Measurement of the Wγ and Zγ inclusive cross sections in pp collisions at √s = 7 TeV and limits on anomalous triple gauge boson couplings
Measurements of Wγ and Zγ production in proton-proton collisions at √s = 7 TeV are used to extract limits on anomalous triple gauge couplings. The results are based on data recorded by the CMS experiment at the LHC that correspond to an integrated luminosity of 5.0 fb^(−1). The cross sections are measured for photon transverse momenta p^γ_T > 15 GeV, and for separations between photons and final-state charged leptons in the pseudorapidity-azimuthal plane of ΔR(ℓ,γ)>0.7 in ℓνγ and ℓℓγ final states, where ℓ refers either to an electron or a muon. A dilepton invariant mass requirement of m_(ℓℓ) > 50 GeV is imposed for the Zγ process. No deviations are observed relative to predictions from the standard model, and limits are set on anomalous WWγ, ZZγ, and Zγγ triple gauge couplings.
Additional Information© 2014 CERN, for the CMS Collaboration. Published by the American Physical Society under the terms of the Creative Commons Attribution 3.0 License. Further distribution of this work must maintain attribution to the author(s) and the published article's title, journal citation, and DOI. Published 13 May 2014, Received 31 August 2013. We congratulate our colleagues in the CERN accelerator departments for the excellent performance of the LHC and thank the technical and administrative staffs at CERN and at other CMS institutes for their contributions to the success of the CMS effort. In addition, we gratefully acknowledge the computing centers and personnel of the Worldwide LHC Computing Grid for delivering so effectively the computing infrastructure essential to our analyses. Finally, we acknowledge the enduring support for the construction and operation of the LHC and the CMS detector provided by the following funding agencies: the Austrian Federal Ministry of Science, Research and Economy and the Austrian Science Fund; the Belgian Fonds de la Recherche Scientifique and Fonds voor Wetenschappelijk Onderzoek; the Brazilian funding agencies (CNPq, CAPES, FAPERJ, and FAPESP); the Bulgarian Ministry of Education, Youth and Science; CERN; the Chinese Academy of Sciences, Ministry of Science and Technology, and National Natural Science Foundation of China; the Colombian funding agency (COLCIENCIAS); the Croatian Ministry of Science, Education and Sport, and the Croatian Science Foundation; the Research Promotion Foundation, Cyprus; the Ministry of Education and Research, Estonian Research Council via IUT23-4 and IUT23-6 and European Regional Development Fund, Estonia; the Academy of Finland, Finnish Ministry of Education and Culture, and the Helsinki Institute of Physics; the Institut National de Physique Nucléaire et de Physique des Particules / CNRS, and Commissariat à l'Énergie Atomique et aux Énergies Alternatives / CEA, France; the Bundesministerium für Bildung und Forschung, Deutsche Forschungsgemeinschaft, and Helmholtz-Gemeinschaft Deutscher Forschungszentren, Germany; the General Secretariat for Research and Technology, Greece; the National Scientific Research Foundation and National Innovation Office, Hungary; the Department of Atomic Energy and the Department of Science and Technology, India; the Institute for Studies in Theoretical Physics and Mathematics, Iran; the Science Foundation, Ireland; the Istituto Nazionale di Fisica Nucleare, Italy; the Korean Ministry of Education, Science and Technology and the World Class University program of NRF, Republic of Korea; the Lithuanian Academy of Sciences; the Ministry of Education, and University of Malaya (Malaysia); the Mexican funding agencies (CINVESTAV, CONACYT, SEP, and UASLPFAI); the Ministry of Business, Innovation and Employment, New Zealand; the Pakistan Atomic Energy Commission; the Ministry of Science and Higher Education and the National Science Centre, Poland; the Fundação para a Ciência e a Tecnologia, Portugal; JINR, Dubna; the Ministry of Education and Science of the Russian Federation, the Federal Agency of Atomic Energy of the Russian Federation, the Russian Academy of Sciences, and the Russian Foundation for Basic Research; the Ministry of Education, Science and Technological Development of Serbia; the Secretaría de Estado de Investigación, Desarrollo e Innovación and Programa Consolider-Ingenio 2010, Spain; the Swiss funding agencies (ETH Board, ETH Zurich, PSI, SNF, UniZH, Canton Zurich, and SER); the Ministry of Science and Technology, Taipei; the Thailand Center of Excellence in Physics, the Institute for the Promotion of Teaching Science and Technology of Thailand, and the National Science and Technology Development Agency of Thailand; the Scientific and Technical Research Council of Turkey and the Turkish Atomic Energy Authority; the National Academy of Sciences of Ukraine, and State Fund for Fundamental Researches, Ukraine; the Science and Technology Facilities Council, United Kingdom; and the U.S. Department of Energy and the U.S. National Science Foundation. Individuals have received support from the Marie Curie program and the European Research Council and EPLANET (European Union); the Leventis Foundation; the A. P. Sloan Foundation; the Alexander von Humboldt Foundation; the Belgian Federal Science Policy Office; the Fonds pour la Formation à la Recherche dans l'Industrie et dans l'Agriculture (FRIA-Belgium); the Agentschap voor Innovatie door Wetenschap en Technologie (IWT-Belgium); the Ministry of Education, Youth and Sports (MEYS) of the Czech Republic; the Council of Science and Industrial Research, India; the Compagnia di San Paolo (Torino); and the HOMING PLUS program of the Foundation for Polish Science, cofinanced from the European Union Regional Development Fund; and the Thalis and Aristeia programs cofinanced by EU-ESF and the Greek NSRF.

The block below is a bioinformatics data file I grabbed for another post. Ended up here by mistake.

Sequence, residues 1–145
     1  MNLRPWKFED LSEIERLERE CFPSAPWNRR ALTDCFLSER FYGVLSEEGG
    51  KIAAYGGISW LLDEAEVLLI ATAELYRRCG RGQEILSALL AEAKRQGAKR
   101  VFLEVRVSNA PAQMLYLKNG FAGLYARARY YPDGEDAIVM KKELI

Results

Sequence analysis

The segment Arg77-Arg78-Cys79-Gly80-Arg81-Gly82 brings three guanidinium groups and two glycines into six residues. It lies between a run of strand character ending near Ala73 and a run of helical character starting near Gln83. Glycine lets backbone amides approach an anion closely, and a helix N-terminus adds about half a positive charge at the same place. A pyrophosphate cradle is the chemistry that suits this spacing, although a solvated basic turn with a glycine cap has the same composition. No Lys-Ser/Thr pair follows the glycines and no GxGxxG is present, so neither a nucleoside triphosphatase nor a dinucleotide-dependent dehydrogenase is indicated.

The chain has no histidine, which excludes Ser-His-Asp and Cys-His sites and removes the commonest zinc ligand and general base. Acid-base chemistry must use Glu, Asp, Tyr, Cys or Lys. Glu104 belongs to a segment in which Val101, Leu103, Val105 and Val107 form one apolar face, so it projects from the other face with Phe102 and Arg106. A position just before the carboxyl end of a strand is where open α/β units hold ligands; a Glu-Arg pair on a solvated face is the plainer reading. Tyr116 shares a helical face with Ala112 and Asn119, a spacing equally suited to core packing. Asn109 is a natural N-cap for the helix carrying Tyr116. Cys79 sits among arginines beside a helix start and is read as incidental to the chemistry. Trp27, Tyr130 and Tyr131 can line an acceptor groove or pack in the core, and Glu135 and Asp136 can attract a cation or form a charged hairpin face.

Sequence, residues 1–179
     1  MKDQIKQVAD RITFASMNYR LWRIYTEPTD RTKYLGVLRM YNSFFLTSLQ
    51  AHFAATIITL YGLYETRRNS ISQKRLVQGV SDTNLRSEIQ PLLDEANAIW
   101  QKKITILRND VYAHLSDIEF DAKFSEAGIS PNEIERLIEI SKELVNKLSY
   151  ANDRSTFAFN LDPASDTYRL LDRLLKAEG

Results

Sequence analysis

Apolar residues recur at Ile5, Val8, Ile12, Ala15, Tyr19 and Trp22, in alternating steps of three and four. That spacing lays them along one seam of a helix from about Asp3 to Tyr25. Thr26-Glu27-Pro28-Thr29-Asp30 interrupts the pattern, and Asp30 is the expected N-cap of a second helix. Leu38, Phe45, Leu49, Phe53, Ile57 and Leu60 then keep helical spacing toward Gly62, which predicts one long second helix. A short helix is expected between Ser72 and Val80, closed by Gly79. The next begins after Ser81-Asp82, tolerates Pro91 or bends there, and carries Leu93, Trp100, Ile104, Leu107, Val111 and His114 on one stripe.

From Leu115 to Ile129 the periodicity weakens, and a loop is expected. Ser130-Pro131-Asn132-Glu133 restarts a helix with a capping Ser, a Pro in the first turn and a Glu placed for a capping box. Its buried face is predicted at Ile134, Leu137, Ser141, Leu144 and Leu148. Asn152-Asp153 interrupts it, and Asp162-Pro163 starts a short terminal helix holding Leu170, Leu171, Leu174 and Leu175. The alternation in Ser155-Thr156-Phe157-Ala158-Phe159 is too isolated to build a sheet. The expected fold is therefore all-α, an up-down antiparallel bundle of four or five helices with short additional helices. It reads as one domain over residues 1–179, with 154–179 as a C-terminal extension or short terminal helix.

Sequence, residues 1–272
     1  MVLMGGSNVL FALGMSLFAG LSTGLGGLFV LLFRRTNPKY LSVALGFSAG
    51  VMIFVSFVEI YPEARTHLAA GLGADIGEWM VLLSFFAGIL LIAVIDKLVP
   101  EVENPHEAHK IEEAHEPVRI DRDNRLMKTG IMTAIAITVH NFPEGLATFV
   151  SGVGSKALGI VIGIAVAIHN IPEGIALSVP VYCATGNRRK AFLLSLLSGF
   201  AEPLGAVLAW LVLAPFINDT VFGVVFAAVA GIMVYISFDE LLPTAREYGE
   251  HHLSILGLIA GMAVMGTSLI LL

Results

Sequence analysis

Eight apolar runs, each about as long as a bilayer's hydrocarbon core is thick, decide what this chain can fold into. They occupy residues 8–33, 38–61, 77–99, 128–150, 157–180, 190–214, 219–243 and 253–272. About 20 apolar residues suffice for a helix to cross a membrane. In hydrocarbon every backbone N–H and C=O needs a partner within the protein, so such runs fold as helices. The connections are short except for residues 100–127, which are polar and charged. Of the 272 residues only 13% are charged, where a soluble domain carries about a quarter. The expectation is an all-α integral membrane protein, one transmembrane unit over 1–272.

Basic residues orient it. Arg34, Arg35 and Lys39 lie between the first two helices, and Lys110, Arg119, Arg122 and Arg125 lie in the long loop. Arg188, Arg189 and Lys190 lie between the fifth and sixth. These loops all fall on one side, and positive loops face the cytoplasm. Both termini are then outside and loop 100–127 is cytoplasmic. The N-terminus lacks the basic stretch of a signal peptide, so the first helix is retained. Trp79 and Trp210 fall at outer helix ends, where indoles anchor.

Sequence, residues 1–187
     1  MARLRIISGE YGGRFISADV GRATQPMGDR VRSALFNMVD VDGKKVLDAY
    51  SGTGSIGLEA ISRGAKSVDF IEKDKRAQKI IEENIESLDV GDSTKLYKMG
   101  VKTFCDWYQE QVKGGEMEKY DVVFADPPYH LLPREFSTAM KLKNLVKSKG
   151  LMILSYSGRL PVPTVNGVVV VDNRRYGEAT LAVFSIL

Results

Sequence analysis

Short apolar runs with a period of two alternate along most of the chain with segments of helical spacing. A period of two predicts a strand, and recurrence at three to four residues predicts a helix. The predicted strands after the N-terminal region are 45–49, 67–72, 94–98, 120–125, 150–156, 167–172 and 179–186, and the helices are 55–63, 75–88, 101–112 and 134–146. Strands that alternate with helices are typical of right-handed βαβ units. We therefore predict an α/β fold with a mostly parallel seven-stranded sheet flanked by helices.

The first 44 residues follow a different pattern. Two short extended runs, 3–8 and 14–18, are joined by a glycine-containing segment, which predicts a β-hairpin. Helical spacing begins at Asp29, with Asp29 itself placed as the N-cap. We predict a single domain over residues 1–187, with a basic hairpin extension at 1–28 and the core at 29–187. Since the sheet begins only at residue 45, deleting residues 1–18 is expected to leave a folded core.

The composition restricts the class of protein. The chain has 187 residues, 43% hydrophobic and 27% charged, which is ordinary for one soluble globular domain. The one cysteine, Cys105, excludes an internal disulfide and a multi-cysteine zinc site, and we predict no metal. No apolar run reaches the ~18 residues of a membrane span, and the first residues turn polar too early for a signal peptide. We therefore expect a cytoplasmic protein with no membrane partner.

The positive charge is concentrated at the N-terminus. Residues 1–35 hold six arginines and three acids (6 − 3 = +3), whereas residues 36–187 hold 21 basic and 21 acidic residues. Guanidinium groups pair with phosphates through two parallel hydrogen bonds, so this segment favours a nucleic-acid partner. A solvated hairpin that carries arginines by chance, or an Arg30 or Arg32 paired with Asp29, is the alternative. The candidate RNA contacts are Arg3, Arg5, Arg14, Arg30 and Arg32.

Published - PhysRevD.89.092005.pdf
Submitted - 1308.6832v2.pdf